Patricia Kritek MD, EdM
Sepsis update: From screening to refractory shock
Each year 1.7 million adults in America develop sepsis, and 270,000 Americans die from sepsis annually. Sepsis costs U.S. health care over $27 billion dollars each year. Because of the wide range of etiologies and variation in presentation and intensity, it is a challenge to establish homogeneous evidence based guidelines.1
The definition of sepsis based on the “SIRS” criterion was developed initially in 1992, later revised as Sepsis-2 in 2001. The latest Sepsis-3 definition – “life-threatening organ dysfunction due to a dysregulated host response to infection” – was developed in 2016 by the Third International Consensus Definitions for Sepsis and Septic Shock. This newest definition has renounced the SIRS criterion and adopted the Sequential Organ Failure Assessment (SOFA) score. Treatment guidelines in sepsis were developed by the Surviving Sepsis Campaign starting with the Barcelona Declaration in 2002 and revised multiple times, with the development of 3-hour and 6-hour care bundles in 2012. The latest revision, in 2018, consolidated to a 1-hour bundle.2
Sepsis is a continuum of every severe infection, and with the combined efforts of the Society of Critical Care Medicine and the European Society of Intensive Care Medicine, evidence-based guidelines have been developed over the past 2 decades, with the latest iteration in 2018. The Centers for Medicare & Medicaid Services still uses Sepsis-2 for diagnosis, and the 3-hr/6-hr bundle compliance (2016) for expected care.3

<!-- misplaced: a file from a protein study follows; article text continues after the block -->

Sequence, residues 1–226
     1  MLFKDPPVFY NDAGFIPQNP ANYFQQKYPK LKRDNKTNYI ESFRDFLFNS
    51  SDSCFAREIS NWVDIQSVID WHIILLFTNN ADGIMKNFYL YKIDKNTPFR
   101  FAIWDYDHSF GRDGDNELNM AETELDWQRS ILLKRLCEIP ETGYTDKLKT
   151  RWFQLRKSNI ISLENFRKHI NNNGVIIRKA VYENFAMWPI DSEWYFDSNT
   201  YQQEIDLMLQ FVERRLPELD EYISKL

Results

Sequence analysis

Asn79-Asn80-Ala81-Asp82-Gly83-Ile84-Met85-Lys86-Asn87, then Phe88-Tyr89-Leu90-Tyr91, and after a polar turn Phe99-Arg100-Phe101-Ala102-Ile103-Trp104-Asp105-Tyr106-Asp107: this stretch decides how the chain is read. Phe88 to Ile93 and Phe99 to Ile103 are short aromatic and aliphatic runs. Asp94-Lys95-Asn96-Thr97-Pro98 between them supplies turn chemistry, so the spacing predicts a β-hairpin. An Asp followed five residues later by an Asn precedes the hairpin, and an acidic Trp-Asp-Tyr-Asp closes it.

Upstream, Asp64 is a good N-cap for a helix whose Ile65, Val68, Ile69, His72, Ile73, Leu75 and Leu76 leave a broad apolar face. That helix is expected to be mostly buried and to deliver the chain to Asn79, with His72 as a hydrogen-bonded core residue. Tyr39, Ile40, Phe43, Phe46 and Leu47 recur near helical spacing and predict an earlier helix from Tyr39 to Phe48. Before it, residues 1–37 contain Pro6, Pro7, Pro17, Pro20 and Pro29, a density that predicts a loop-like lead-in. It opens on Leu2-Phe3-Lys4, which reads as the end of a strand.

Dr. Kritek, of the division of pulmonary, critical care, and sleep medicine at the University of Washington, Seattle, presented to a room of over 1,000 enthusiastic hospitalists. She was able to capture everyone’s attention with a great presentation. As sepsis is one of the most common and serious conditions we encounter, most hospitalists are fairly well versed in evidence-based practices, and Dr. Kritek was able to keep us engaged, describing in detail the evolving definition, pathophysiology, and screening procedures for sepsis. She also spoke about important studies and the latest evidence that will positively impact each hospitalist’s practice in treating sepsis.
Dr. Kritek explained clearly how the Surviving Sepsis Campaign developed a vital and nontraditional guideline that “recommends health systems have a performance improvement program for sepsis including screening for high-risk patients.” In a 1-hour session, Dr. Kritek did a commendable job untangling this bewildering health care challenge, and aligned each component to explain how to best use available resources and address sepsis in individual hospitals.
She talked about the statistics and historical aspects involved in the definition of sepsis, and the Surviving Sepsis Campaign. With three good case scenarios, Dr. Kritek explained how it was difficult to accurately diagnose sepsis using the Sepsis-2/SIRS criterion, and how the SIRS criterion led to several false positives. This created a need for the new Sepsis-3 definition, which used delta SOFA score of 2 indicating “organ failure.”